How to view Bash history without line numbers?

bash history command is very useful. It gives you an complete view of what commands you ran. By default bash  historycommand will give you all your previous commands with Line numbers. It’s the default behavior. However when you’re trying to copy-paste those commands again, you have to manually remove those Line numbers. This becomes rather annoying when you are trying to copy paste a lot of commands at the same time. This is very simple guide on how to view bash history without line numbers.

bash history with line numbers

When you type in history in your bash terminal, following what you see.

root@kali:~# history 
 2002  clear
 2003  ls
 2004  cd
 2005  top
 2006  nethogs wlan0
 2007  htop
 2008  sar -r
 2009  free -m
 2010  pstree
 2011  pgrep gdm3
 2012  w
 2013  who
 2014  last | head

This is very normal behavior.

How to view Bash history without line numbers - Normal outout - blackMORE Ops - 1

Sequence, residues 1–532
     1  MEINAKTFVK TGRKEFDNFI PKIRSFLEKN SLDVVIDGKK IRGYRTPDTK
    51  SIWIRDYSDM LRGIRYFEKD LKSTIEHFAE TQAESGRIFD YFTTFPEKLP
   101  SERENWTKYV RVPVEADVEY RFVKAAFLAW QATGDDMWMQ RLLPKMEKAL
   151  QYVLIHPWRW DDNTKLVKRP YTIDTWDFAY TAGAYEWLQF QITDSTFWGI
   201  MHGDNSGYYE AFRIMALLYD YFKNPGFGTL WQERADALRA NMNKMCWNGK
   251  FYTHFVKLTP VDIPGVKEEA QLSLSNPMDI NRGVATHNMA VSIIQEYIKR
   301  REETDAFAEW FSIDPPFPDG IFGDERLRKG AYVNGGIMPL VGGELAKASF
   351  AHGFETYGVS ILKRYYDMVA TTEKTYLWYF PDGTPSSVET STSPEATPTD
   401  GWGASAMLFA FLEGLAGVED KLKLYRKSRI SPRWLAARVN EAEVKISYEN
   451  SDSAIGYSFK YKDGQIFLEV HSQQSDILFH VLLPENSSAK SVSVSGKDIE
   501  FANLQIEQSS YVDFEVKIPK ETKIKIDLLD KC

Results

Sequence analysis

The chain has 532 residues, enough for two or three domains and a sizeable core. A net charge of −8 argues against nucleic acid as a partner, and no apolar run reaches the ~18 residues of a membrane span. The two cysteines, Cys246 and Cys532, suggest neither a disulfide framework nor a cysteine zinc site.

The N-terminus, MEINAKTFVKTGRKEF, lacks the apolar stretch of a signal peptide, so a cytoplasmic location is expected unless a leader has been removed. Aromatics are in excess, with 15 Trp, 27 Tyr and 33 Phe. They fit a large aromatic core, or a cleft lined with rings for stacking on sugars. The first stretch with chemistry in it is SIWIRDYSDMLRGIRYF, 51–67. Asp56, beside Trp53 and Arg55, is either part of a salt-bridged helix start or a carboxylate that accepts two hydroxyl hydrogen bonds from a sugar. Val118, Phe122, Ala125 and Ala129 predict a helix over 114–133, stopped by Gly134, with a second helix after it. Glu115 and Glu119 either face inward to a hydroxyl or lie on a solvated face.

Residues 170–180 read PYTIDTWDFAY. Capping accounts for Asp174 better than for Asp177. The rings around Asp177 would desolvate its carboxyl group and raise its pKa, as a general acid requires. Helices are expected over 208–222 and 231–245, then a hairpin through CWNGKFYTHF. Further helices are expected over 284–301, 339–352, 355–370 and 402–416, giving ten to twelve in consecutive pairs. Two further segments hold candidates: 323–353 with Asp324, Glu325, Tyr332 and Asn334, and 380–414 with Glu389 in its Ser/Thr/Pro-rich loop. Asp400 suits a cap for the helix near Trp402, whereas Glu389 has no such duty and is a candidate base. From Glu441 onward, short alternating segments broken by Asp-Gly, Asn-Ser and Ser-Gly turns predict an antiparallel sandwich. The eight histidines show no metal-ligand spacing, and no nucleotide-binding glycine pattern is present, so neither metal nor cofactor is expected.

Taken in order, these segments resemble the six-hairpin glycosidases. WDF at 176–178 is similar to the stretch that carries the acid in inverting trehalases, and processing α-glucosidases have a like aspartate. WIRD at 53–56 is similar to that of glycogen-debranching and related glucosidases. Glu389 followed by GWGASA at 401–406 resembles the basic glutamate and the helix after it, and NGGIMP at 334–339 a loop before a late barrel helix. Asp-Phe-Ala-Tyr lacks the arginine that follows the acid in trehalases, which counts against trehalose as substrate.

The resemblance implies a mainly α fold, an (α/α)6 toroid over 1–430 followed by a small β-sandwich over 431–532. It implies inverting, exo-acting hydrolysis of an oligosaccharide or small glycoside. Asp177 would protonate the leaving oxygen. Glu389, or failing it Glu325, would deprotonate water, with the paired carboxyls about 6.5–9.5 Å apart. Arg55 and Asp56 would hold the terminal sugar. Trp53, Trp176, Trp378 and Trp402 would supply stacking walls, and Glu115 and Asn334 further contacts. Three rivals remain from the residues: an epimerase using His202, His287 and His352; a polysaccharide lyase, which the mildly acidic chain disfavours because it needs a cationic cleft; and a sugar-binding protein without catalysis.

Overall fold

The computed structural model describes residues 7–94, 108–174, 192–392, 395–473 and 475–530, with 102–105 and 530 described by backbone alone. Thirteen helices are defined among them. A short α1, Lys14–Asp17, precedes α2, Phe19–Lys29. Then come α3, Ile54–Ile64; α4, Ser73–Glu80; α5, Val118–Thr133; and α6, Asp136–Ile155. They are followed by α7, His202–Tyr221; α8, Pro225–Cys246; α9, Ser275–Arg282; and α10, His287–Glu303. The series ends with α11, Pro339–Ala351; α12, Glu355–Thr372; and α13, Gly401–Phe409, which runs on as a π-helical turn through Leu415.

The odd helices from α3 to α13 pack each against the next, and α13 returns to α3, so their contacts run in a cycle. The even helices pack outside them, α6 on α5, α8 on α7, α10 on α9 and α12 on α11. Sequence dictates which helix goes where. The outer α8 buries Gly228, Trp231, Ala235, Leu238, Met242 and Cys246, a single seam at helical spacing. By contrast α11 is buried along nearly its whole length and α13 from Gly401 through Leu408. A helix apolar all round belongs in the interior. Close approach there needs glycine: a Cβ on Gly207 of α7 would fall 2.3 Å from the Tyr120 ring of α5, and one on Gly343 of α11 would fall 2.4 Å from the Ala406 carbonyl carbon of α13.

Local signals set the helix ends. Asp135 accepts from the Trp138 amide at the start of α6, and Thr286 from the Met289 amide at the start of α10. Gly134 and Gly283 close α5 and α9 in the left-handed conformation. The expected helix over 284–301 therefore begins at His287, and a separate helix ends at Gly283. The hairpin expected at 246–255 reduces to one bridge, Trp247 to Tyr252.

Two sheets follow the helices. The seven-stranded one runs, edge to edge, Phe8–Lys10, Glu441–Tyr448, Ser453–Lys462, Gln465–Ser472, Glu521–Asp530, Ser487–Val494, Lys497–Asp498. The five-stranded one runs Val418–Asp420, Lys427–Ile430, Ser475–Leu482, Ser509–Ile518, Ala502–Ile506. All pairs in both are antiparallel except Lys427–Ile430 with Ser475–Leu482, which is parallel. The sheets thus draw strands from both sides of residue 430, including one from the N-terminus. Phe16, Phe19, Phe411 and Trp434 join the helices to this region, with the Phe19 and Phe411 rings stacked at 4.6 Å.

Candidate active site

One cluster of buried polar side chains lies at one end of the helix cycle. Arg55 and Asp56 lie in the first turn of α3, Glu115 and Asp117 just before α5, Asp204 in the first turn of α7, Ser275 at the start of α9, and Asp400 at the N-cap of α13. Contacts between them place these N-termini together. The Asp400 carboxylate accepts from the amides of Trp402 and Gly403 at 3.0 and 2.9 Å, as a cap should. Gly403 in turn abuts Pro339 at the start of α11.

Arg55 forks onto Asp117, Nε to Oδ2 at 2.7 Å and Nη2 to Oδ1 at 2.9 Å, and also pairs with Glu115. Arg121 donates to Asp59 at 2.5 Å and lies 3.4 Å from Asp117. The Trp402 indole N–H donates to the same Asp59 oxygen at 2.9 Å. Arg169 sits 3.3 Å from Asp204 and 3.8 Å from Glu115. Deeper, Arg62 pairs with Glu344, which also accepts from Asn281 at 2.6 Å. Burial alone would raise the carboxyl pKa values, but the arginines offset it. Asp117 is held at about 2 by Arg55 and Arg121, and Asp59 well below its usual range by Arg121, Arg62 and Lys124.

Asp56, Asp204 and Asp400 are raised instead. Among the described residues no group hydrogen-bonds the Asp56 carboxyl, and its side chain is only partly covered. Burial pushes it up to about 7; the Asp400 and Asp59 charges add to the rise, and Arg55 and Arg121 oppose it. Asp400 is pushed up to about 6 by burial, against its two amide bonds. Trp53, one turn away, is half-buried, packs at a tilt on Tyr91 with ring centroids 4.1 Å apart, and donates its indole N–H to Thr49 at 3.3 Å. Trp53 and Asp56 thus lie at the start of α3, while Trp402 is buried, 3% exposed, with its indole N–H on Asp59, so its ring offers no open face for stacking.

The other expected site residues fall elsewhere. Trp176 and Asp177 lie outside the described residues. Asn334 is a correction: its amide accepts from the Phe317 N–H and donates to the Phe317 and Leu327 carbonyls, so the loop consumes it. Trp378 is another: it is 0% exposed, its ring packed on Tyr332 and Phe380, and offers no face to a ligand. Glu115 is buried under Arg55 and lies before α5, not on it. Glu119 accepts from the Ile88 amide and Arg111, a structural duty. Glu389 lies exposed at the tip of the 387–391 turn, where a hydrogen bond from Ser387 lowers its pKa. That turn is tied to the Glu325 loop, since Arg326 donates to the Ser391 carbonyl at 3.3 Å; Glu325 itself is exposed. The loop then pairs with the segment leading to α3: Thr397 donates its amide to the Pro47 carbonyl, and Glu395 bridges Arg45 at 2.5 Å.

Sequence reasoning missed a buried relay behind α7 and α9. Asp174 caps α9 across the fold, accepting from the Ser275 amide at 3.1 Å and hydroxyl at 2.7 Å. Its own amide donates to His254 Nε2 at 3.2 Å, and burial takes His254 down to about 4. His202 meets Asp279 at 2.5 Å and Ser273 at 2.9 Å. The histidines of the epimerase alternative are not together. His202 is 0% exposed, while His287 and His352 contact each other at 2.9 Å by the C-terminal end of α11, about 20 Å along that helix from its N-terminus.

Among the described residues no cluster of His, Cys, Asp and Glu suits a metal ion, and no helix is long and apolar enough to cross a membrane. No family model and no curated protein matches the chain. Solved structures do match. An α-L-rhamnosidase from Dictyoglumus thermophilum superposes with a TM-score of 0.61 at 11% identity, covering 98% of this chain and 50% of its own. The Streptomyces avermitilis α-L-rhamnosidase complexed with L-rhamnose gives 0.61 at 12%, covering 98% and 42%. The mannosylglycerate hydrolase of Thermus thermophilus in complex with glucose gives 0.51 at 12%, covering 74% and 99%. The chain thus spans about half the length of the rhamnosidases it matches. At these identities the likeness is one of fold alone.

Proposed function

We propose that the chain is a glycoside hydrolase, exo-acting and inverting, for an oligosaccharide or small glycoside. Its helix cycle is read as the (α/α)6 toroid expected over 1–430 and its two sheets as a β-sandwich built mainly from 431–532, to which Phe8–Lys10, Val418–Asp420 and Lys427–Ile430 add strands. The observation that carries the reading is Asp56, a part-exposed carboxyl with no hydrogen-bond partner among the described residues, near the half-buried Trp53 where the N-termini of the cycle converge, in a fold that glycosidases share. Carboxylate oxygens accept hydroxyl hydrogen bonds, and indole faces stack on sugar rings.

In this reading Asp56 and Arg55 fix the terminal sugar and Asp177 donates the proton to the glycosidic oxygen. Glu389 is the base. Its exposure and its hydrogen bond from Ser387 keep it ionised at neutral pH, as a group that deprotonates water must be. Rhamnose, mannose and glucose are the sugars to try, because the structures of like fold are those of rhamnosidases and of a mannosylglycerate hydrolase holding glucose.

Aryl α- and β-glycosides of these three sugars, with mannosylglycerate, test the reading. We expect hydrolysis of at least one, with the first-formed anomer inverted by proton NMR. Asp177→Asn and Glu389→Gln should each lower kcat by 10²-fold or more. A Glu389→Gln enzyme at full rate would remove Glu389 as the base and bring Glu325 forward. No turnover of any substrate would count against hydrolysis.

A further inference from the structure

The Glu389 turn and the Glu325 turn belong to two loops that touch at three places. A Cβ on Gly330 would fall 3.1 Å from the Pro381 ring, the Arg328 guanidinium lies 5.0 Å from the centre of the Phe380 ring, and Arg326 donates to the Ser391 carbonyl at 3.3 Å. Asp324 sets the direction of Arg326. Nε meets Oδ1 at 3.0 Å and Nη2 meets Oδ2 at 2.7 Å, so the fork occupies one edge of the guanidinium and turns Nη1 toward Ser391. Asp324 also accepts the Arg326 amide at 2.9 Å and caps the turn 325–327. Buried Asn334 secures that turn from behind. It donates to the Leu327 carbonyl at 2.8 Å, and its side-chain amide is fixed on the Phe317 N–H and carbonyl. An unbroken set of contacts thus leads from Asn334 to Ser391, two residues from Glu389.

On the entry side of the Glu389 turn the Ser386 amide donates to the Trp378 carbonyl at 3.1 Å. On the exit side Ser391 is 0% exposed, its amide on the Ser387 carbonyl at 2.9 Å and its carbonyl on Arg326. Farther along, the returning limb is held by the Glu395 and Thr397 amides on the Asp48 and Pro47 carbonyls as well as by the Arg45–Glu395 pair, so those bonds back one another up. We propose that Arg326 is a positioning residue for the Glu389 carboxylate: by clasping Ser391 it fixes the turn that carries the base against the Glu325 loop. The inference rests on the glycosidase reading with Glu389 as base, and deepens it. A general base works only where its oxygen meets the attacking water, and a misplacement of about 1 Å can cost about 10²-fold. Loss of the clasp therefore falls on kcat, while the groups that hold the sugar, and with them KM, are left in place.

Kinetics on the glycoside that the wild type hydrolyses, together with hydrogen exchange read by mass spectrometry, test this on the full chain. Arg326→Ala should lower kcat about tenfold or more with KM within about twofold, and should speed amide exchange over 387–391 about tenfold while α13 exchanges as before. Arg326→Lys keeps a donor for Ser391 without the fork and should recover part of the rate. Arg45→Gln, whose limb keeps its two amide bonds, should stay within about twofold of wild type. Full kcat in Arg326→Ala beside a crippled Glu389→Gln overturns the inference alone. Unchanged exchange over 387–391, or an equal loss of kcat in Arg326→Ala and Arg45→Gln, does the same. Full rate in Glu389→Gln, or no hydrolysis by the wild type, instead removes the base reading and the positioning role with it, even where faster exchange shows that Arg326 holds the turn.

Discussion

My target is to remove these line numbers and just view the actual commands so that I can copy paste them easily.

View bash history without line numbers

Extremely simple command. We utilize cut to do this job:

root@kali:~# history | cut -c 8-

cut =  cut removes sections from each line of files

-c   = -c will select only certain characters

8-  = 8-  or N- will show output from N’th byte, character or field, to end of line. In this case, bash history command shows actual command from 8th character. Adjust your command to match your output.

Output for bash history command without line numbers

history | tail
last | head
uname -a
lsb_release -a
history | tail
history | cut -c 8-

How to view bash history command without line numbers - Bash history wo line numbers - blackMORE Ops - 2

Hope this helps someone out there.


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  1. Thank you.

  2. or you just type “cat ~/.bash_history”

  3. Additionally, if you just want to execute a command again, you can use the line numbers!

    For instance (your example):

    > 2006 nethogs wlan0

    We could run:

    !!2006 [enter] # and bash will translate this to ‘nethogs wlan0’

  4. history -w my_history.txt

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